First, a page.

TechnologyAccounting SoftwareSecurity accreditation on trial

Security accreditation on trial

The government is set to trial an IT security accreditation that it hopes will assure both the private and public sectors that software companies, which sell products such as antivirus software and firewalls, meet quality standards.

Link: Hack attacks and spam set to increase

The accreditation scheme – similar to the familiar kitemark – may allay fears over the increasing amount of spam that clogs email inboxes and malicious attacks against IT systems.

Accountancy Age’s sister publication, Computing, has been calling for such a programme for the past two years as part of its Trust campaign. The Cabinet Office’s central sponsor for information assurance (CSIA) group, which coordinates information security projects across government, will trail the ‘Claims Test Mark’ scheme before the end of the year.

‘What we are trying to replicate is the Ronseal test, where a product does exactly what it says on the tin,’ said Harvey Mattinson, head of accreditation at the CSIA.

The accreditation scheme will primarily be focused on helping government departments, agencies and local authorities select information security products such as anti-virus software, firewalls and disk encryption.

‘The accreditation process will take weeks, rather than months or years,’ CSIA director Dr Stephen Marsh said.

‘With certain products and services, you need to have this kind of pace, as threats can change so rapidly.’ Vendor products submitted for review will be measured for security, integrity and ease of use, with the CSIA hoping to measure against BS and ISO 7799 standards in the future.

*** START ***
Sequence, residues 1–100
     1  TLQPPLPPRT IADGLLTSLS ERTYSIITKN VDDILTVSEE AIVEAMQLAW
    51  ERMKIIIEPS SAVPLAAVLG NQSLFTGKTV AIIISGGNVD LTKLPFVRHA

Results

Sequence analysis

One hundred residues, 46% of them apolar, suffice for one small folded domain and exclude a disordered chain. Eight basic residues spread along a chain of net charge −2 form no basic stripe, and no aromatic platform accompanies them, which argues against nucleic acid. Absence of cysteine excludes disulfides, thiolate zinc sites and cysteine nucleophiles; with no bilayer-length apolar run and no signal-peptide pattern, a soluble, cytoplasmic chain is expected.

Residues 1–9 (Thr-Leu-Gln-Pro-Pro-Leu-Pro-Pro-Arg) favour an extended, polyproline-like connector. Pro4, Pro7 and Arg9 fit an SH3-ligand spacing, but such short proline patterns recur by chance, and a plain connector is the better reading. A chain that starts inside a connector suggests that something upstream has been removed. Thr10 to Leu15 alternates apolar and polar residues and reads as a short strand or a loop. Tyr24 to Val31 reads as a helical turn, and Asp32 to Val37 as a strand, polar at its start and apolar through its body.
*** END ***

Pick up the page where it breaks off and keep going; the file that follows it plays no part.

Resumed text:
The CSIA-led General Information Assurance Products and Services Initiative will run the scheme and hopes it will provide private sector businesses with a way of gauging the quality of the product they are buying.

The CSIA is working with the United Kingdom Accreditation Service and CESG, the GCHQ-run national technical authority for information assurance, to establish a number of independent test centres and assessment criteria.

‘In principle this is a good idea, as it gives people standards they can understand and suppliers something they can strive towards,’ said Beatrice Rogers, head of private sector at IT industry body Intellect. ‘But the government needs to make it clear what accreditation means.’

‘With the ABTA stamp, consumers know if an airline collapses they’re likely to be protected. ‘Likewise, the government needs to make clear what accreditation means for both the client and the vendor adopting it,’ she said.

Just last month, an Ernst & Young survey highlighted concerns about the level of awareness about information security among businesses across the globe.

Nearly three-quarters of the 1,200 organisations questioned failed to list training and raising employee awareness of information security issues a top priority.

One in three respondents that had outsourced their IT operations said that they had not conducted a regular check on their IT providers to monitor compliance with information security policies.

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